Planning an outdoor kitchen can be a little daunting, but with so many options to choose from, it can also be a lot of fun. Whether you are creating an outdoor space as part of new construction or you are enhancing an existing building, an outdoor kitchen extends the living areas of your home and increases the time your family will spend outside together.
One of the first decisions to make when designing your outdoor kitchen will be how you want to use your kitchen and what elements need to be included to make the space function well. Do you need a simple space to throw a few burgers and hotdogs on the grill during the summer, or a place with a fully equipped bar for the guys to watch the big game? Do you aspire to be the next Steven Raichlen and utilize a different cooking method for every meal of the week? Nailing down your ‘why’ for building an outdoor kitchen will help you decide on what type of cooking appliances and layout work best for your space.
Being able to visualize the design style you are looking for in an outdoor kitchen will allow you to focus on what you really want, but also identify what you do not want in your space. Tony Paredes, owner of Parco General Construction, Inc. in Midland, Texas, suggested looking at completed projects or photos online either from a design firm or a photo platform such as Pinterest or Instagram. “If you can bring in photo references showing how you want your project to look, it will give your builder a place to start, so you are both on the same page,” he said.
Think back to every vacation you have taken and think about the ambiance of those outdoor spaces where you enjoyed spending time. Take your time and collect as many ideas as possible so that you are well armed for your first building consultation.
Incorporating an outdoor kitchen with an existing structure is a great way to expand your living space out into the landscape of your home. Adding a kitchen area allows you to entertain family and friends while being steps away from the interior of the house. Building onto the side of your home will allow you to work with an area where only three sides need to be considered. With the house acting as a backdrop for the outdoor kitchen, you can focus more on the interior layout instead of a four-sided exterior.
Building onto the existing house is a great option for anyone who is looking for an outdoor entertaining area, but still does most of the heavy cooking inside the main kitchen. For these instances, a simple grill setup and sink area for cleaning are perfect.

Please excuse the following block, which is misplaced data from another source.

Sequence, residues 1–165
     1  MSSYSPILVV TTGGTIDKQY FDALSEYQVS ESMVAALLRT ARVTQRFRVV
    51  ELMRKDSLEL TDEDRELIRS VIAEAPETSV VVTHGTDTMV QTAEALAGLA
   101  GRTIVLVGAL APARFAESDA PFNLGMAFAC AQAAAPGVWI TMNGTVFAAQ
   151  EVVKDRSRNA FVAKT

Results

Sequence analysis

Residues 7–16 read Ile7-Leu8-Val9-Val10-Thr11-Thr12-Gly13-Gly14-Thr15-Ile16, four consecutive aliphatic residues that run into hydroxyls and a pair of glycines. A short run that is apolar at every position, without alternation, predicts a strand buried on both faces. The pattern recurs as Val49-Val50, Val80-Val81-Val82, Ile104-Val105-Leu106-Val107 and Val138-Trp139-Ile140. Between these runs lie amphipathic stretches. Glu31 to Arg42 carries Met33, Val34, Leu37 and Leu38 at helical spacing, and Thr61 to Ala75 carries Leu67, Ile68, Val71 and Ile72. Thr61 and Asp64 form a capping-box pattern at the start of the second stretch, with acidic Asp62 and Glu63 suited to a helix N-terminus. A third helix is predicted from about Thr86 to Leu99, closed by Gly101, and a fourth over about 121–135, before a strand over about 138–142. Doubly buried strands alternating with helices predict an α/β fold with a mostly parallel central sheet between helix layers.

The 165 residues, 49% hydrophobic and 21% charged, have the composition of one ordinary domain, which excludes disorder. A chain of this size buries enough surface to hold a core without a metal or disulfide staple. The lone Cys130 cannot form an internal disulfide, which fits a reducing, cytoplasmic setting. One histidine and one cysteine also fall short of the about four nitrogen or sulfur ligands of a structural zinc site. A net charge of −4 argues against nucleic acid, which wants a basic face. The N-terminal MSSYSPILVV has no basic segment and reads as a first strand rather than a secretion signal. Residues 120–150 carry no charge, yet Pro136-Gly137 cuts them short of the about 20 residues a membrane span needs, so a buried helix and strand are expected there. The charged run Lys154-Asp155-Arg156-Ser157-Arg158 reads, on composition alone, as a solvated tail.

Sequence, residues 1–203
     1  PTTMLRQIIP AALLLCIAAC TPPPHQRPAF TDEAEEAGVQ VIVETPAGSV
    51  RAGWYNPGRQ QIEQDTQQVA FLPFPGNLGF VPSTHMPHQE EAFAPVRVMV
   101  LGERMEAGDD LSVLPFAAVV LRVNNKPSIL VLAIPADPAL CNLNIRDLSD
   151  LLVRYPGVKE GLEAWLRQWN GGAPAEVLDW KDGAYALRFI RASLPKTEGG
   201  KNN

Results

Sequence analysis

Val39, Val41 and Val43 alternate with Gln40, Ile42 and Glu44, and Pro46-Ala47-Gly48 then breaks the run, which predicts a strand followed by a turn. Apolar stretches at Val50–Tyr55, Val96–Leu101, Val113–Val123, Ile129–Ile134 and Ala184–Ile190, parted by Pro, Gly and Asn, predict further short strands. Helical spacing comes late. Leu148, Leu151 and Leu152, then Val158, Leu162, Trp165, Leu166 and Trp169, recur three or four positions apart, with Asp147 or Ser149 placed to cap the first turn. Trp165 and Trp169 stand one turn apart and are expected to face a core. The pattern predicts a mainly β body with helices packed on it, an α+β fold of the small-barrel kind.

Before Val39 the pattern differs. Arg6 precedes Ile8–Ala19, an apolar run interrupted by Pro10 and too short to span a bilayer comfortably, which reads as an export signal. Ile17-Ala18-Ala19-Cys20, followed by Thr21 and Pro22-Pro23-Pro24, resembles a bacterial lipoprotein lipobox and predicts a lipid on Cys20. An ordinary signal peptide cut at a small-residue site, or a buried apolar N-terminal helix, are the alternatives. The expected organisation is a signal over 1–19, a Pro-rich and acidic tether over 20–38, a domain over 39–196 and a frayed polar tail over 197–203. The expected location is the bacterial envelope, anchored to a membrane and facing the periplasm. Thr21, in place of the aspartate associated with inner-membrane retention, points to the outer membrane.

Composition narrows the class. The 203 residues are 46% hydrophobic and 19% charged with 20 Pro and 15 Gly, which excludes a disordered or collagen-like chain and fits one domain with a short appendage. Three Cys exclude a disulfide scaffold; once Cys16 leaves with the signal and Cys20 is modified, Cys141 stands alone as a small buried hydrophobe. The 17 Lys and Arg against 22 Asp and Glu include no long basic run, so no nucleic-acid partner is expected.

Creating a barbeque oasis that is set away from the main part of the house and incorporated into the natural landscape allows things like the roof covering and support materials to vary from what is already used in the house. Stacked stone and timber beams will blend with the natural setting and complement the façade of the home. A standalone outdoor kitchen would be a perfect choice for anyone looking to make their entertaining experience revolve around the art of cooking. With room to spread out, you can utilize several different cooking options.
Some of the more popular outdoor kitchen setups include open-pit roasters, wood-fired pizza ovens, and flat-top griddles. Also widely popular are pellet smokers that are easy to set up and can be monitored using your phone. Because the temperature is on a remote sensor, the smoker will automatically feed in more of the pellets to maintain the cooking temperature.
A popular design style is to bring the inside kitchen out and utilize a venting system similar to the vent hood above your inside cooktop. Setting up a large table in front of a grill that has an oversized vent hood will extend the living space visually and create a warm and comforting environment for your family and guests.
“You not only need to think about the materials used on the interior of the cooking area, but also what you want to cover the outside of the building with,” Paredes said. Open and airy sides with retractable bug screens let the views of the yard into the cooking space while keeping the mosquitos and flies away.
Something your contractor will be conscious of while helping you create a design is the building codes, and more specifically the fire codes. With so many options available for cooking outside, you want to make sure your new space does not go up in literal smoke. Retired Fire Marshal David Hickman emphasized creating heat barriers and using non-combustible flooring. “Watch for things like low overhangs where heat can become trapped, and just like a fireplace, you want to leave some clearance space around your heat source,” Hickman said. And as any fireman would recommend, “Always keep a fire extinguisher handy!”
If you have decided to build an outdoor kitchen and have done the research, planned, gathered all your photo examples, but found that maybe you have exceeded your budget, do not worry! Take all your designs, examples, hopes, and dreams of your outdoor kitchen to a designer or contractor who can help you work out a budget-friendly concept from your plans.
“If we create a grilling area and you don’t have the space in your budget for that high-end grill you wanted, we can replace that part of the design with a more cost-effective option,” Paredes said, adding that people can adjust their kitchen idea by letting go of some of the costly appliances that are overlooked. “Your reverse osmosis system for the ice machine is running 24-7 and eating away at your cash flow without you even thinking about it.”
Any good designer or contractor will be able to take your vision and create a space that works for you and stays on track with expenses.